Hi Roger ,
I think you are right in almost every words .
Yet you say .."....In the short term, yes, it sucks being someone somewhat
locked up with Flash ..."
We are locked in Flash ..imagine if we where locked in Quicktime ...imagine
Flash didn't develop enough to allow us to publish ( and develop ) our
work.. how would be the scenario ?dark...?Apple ?
Apple is an amazing company , but sometimes they simply seem to want to rule
the world ...alone..and that is frightening to say the least. That already
almost destroy them once ..and now (with mobiles) seems that they are
running again to the same kind of suicide game. "Proudly alone" or " Can
Ipad stop the Train ? "
Everything very well closed vs very much open.
Guess who will win?
If because of this kind of decisions they lose now the advantage in the
mobile market , and they will , how would you classify it ? Clever ?
On Wed, Apr 14, 2010 at 2:21 PM, Roger Howard <rogerhoward@...> wrote:
> On Sun, Apr 11, 2010 at 6:56 AM, Fernando Costa Pinto <
> fcp.fernando@... <fcp.fernando%40gmail.com>> wrote:
> > Hi folks,
> > The question is ..do we see any serious flash competitor in the horizon ?
> > In the other hand , Google OS is almost here.. Google phone ..with open
> > code
> > .( with flash of course)
> There are so many issues conflated, emotions combined. Apple continues to
> exactly what they do, and some express outrage and surprise, some got
> exactly what they were hoping for, and some are cautiously optimistic that
> Apple continues to push change. Some - many - here have only just recently
> gotten over feeling burned because of QTVR, and have finally warmed up to
> the idea of Flash as a platform for our content, and now feel Apple's heavy
> hand impacting panoramic work again - despite the fact that we're obviously
> of zero consequence to this issue and certainly our needs have zero role in
> determining how this drama plays out.
> Google and Apple have a good tension between them - both have been riding
> high on one success after another, and so we're seeing a bit of clash as
> they both gain footing outside of their comfort zones of 10 years ago. But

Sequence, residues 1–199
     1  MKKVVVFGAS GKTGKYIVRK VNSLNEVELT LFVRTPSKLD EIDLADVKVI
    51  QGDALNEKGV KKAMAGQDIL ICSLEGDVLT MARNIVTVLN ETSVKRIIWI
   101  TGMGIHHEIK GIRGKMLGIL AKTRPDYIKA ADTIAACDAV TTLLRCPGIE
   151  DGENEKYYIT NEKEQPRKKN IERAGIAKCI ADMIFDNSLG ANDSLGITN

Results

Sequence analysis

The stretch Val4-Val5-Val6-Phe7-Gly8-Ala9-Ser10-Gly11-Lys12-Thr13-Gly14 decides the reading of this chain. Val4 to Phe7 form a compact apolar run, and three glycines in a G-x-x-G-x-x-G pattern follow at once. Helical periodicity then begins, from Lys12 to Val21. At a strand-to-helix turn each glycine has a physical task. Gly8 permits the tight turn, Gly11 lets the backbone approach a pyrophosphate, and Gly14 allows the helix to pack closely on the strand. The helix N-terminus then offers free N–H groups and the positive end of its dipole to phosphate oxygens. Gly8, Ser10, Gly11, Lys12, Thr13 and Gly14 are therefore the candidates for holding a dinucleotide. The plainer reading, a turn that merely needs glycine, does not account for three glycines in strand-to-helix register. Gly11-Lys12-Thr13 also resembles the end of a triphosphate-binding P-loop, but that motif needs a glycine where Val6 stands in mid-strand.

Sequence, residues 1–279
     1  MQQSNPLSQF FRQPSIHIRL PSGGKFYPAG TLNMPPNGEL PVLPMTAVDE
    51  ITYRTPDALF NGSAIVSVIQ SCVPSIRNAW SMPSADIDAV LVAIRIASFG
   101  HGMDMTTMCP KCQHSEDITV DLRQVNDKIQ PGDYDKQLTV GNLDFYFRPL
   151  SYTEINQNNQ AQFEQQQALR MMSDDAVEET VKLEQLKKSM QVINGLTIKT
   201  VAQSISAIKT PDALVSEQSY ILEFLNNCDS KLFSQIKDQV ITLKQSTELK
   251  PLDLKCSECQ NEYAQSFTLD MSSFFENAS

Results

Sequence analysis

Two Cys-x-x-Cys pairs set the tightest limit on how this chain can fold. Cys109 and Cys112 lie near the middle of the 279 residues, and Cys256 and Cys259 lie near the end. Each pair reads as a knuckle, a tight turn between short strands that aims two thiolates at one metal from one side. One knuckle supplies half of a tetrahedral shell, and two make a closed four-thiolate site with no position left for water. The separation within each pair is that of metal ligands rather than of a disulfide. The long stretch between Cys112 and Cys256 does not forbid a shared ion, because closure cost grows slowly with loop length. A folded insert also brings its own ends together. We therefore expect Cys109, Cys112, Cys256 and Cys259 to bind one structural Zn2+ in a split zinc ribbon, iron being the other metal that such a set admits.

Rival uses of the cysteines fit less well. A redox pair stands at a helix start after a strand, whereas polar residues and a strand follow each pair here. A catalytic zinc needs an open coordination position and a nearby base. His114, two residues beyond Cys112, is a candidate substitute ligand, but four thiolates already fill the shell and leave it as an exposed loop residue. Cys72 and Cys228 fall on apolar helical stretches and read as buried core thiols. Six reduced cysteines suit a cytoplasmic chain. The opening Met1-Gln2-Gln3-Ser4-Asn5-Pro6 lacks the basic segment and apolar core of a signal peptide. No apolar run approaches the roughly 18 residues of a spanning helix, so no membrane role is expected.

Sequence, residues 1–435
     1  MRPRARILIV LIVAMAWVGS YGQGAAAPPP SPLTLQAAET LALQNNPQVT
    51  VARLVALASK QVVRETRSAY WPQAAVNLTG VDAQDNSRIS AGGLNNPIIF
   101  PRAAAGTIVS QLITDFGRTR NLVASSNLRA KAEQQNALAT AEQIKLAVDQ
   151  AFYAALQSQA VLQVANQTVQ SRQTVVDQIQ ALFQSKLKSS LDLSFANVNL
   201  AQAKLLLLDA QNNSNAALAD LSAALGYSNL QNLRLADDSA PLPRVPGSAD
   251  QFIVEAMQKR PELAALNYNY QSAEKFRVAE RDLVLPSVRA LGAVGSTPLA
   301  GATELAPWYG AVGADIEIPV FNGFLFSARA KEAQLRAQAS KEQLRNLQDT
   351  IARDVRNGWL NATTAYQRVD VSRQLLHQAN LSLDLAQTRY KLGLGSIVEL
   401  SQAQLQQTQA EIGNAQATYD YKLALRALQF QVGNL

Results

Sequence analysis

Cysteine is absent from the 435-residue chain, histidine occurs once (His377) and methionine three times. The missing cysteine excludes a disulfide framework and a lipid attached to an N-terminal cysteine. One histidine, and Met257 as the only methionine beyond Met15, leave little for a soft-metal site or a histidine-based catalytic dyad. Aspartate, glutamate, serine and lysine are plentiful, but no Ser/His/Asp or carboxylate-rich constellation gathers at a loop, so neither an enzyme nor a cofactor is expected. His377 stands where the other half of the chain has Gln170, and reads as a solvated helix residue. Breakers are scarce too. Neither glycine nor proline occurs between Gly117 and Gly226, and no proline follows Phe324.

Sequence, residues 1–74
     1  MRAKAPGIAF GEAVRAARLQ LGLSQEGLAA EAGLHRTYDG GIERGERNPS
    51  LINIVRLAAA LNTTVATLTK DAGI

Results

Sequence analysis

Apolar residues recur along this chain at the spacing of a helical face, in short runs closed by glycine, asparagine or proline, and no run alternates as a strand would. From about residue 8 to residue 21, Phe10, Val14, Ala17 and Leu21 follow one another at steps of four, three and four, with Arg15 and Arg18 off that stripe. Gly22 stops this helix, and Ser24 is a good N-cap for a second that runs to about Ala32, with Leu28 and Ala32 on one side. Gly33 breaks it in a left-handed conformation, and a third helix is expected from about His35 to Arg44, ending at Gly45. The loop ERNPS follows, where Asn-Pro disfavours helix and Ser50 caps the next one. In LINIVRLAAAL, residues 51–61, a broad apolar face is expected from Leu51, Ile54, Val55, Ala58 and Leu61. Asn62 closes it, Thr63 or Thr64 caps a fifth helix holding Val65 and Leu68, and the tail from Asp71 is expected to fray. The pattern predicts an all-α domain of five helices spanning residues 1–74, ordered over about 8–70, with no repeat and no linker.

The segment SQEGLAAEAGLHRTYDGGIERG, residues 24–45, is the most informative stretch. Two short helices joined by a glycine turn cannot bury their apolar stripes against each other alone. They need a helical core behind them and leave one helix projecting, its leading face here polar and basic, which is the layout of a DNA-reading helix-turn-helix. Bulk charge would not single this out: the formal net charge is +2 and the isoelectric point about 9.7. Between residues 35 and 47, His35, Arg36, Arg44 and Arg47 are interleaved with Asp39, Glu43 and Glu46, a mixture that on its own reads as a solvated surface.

> this, I think, is great for the industry - as is the clash with Adobe.
> players could be content to carve up the market into fiefdoms, each tacitly
> agreeing to stick to their own land in exchange for unchallenged primary -
> that's how we ended up with a decade of Microsoft stagnation. Even
> is now rapidly developing new ideas, thanks to this competition. I think,
> despite the upheavals competition and change bring, it's a net benefit for
> us. There is nothing remotely ideal or finished about the Internet, so I'm
> glad to see renewed momentum behind people who want to keep refining it.
> As for Google and Flash - Google has made only the sparest use of Flash
> the years (much like any other major Web property - I can't think of a
> single, large-scale site aside from YouTube that made strategic use of
> Flash, and even they no longer need it). They will support Flash on their
> platforms because it makes sense as a strategic counter to Apple, but not
> because they are heavily invested in it, or even seem to think it's the
> right way for the Web to go - they've been as active as Apple in their
> campaign to push standards-based approaches to Web applications.
> > Seems that Apple is fighting again to keep proudly alone. It is their
> > .They almost disappear once against Microsoft . Will they survive this
> > against Google/Adobe ?They are supported entirely by mobile devices. If
> > they
> > keep this direction they will lose this one too. This is obvious. And
> > very
> > very fast.
> > It's amazing how they are so clever to produce great products , and then
> > make such stupid options.
> We'll all have to see things play out, but I think it's hubris to call a
> radically successful company with an obviously clear vision of their
> development process, stupid. It's calculated.
> > Flash is the soul of Web2 ..and the path is irreversible..we are not
> > back to boring static net. That is for sure. Sites are not made to be
> > in Ipads. Ipad has and will have a 0,00000000000000000001 ( my optimistic
> > prevision ;-) ) penetration in the global sites visits. And one (not a
> > fanboy) that buys it ..and when find that he can't have web2 will say
> > ..shit.. more garbage...shit..why did I bought this shit ..que porcaria (
> > what a shit )..
> iPhone OS has huge penetration in the mobile Web world, or we wouldn't
> remotely be discussing this. iPhones/iPads are owned by people who are
> already comfortable purchasing content and applications online; they are
> folks with disposable income; the users of this platform are, in a
> the prime demographic for anyone wanting to make money online. If you think
> that's something worthy of being ignored I commend you for your
> > Seems that the ipad does not use flash because of energy consumption . It
> > will be far easier to achieve a longer lasting battery than a Flash
> > substitute .
> It's far, far more than that. Daring Fireball, and others, have excellent
> analysis on the thinking behind this decision, so I won't bother repeating
> it all here. You may disagree with the result, or with the very strategy
> itself, but don't for a moment think that Apple doesn't have a consistent,
> steady, and largely successful strategy they are following. Whether it
> out for the best for users, for content creators, or for some other group
> really the question.
> In the short term, yes, it sucks being someone somewhat locked up with
> - I'll give you that.
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